This will be a 4 part series to guide you through identifying and analyzing your business processes today and the way to implement a strategic solution which will set you up for future growth.
While implementing a CRM, or another software program, this is the time to enhance and expand upon your current system capabilities, cleanse your records and to consider methods in which processes have failed in the past or should have performed better. CRM software provides a 360-view of your client, their current interests and potential growth. Ensuring that these records are accurate on Day 1 and maintained in a well timed fashion is vital. We’re going to walk through a few steps that can be taken throughout the planning and requirement phase to mitigate mistakes early on.
Discovering what areas within your organization are reliant on the application and who the Users are is the first step in determining useability. In the case of a CRM, many times, the Sales and Marketing teams are a great starting point. Operations and Accounting can have permissions to read only data and/or export functionality so it’s vital to find out:
This discovery process impacts not only who uses the application, what Users have access to and how current data is received but also the length of time the data may need to be retained.
Once the Users of the application and data has been identified, it’s important to understand what data is required and what data is optional or nice to have. Creating a data dictionary that consists of all data fields required, optional or recommended as well as the status of each data element can help determine the prioritization of how you’ll approach your implementation. For example, the Name Field is a required field and has an Active use status with a current last update date; however physical Business Address may be an optional field and only in use for a handful of clients. The Business Address field can have a status of Inactive or the last update date could be years prior to now.
All data should probably be retained or archived for at least a year but based on the nature and characteristics of the data, it may need to be stored for 7 years or more, depending upon regulatory requirements. Understanding what internal and external audit requirements are is also imperative to a successful implementation.
Also, data can be received from internal and/or external applications by receiving a feed or call/answer feature that populates the data fields and makes it available to Users. In addition, once data is received sometimes Users have the capability to manually override the data field. Rule validations and error checks may also be in place to help protect the integrity of the data. Understanding how data is being received, where it’s coming from and whether it is editable will be impactful to the success of the migration.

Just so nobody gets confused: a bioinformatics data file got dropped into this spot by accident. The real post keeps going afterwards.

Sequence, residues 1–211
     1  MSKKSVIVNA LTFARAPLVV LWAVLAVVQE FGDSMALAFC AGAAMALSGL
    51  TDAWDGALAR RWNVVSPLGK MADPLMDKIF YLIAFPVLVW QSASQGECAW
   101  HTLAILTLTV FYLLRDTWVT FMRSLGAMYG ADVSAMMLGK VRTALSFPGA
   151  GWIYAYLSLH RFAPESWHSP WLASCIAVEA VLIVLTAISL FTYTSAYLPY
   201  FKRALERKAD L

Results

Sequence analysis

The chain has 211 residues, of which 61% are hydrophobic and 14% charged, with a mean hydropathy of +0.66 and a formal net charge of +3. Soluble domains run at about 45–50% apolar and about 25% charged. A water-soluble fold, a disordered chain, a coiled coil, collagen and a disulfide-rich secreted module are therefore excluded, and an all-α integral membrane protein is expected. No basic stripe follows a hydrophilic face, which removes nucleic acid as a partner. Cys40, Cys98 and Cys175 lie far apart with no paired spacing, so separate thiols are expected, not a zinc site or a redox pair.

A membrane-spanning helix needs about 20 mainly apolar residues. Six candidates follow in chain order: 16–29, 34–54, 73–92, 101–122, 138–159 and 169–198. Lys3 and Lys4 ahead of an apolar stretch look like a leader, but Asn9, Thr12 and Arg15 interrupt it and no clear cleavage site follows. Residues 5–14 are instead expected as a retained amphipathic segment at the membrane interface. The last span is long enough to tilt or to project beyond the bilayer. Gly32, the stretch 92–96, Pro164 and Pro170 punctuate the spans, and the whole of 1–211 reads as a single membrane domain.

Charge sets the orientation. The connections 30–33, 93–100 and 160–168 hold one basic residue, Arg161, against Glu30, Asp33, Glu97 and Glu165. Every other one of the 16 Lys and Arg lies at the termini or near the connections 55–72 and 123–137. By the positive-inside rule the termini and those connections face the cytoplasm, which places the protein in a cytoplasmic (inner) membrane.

Lastly, data can be “real time” or “live” or can be received via batch so understanding the timing of the data is crucial.
Data Integrity is a key component of your organization’s bottom line but so is data retention and disaster recovery. There are four phases of disaster recovery:
Work with your technology counterparts and service providers to ensure your SLA’s for recovery time are clearly defined. Put policies and procedures in place to protect your organization against potential failures (internally and externally).
When you identify a “Day in the Life” for your Users, try to determine whether the processes are optimal and provide the most efficient use of resources and time. There are many modules within a CRM that can be used to create better communication both internally and externally, such as task tracking and follow up. Sometimes, when a new application is implemented, not all of the functionality is put to use. It’s important to understand what’s not being used due to system limitations and define those system limitations as well as manual processes that are in their place. Oftentimes, functionality isn’t used because it entails a change to the workflows.
Once most of the items mentioned above have been flushed out, a clearer picture of your current state should be evident. You’ll understand what data is in use today, how it’s maintained and protected. Next, the workflows and processes need to be clearly defined in both the Business and Technology pieces.
Think about the manual processes in place today and whether they can be automated with existing functionality or that will be available in the most recent version of the software.
Create data workflow mappings between what is currently done and then do the same for the future state. Imagine optimizing a solution that not only fits your world today but in the next five years. Visualize how your organization can grow or possibly move in another direction where you’d still be able to leverage the build out. Also, solutions should be clearly identified and designed to prepare not only for future growth but also scale back, if necessary.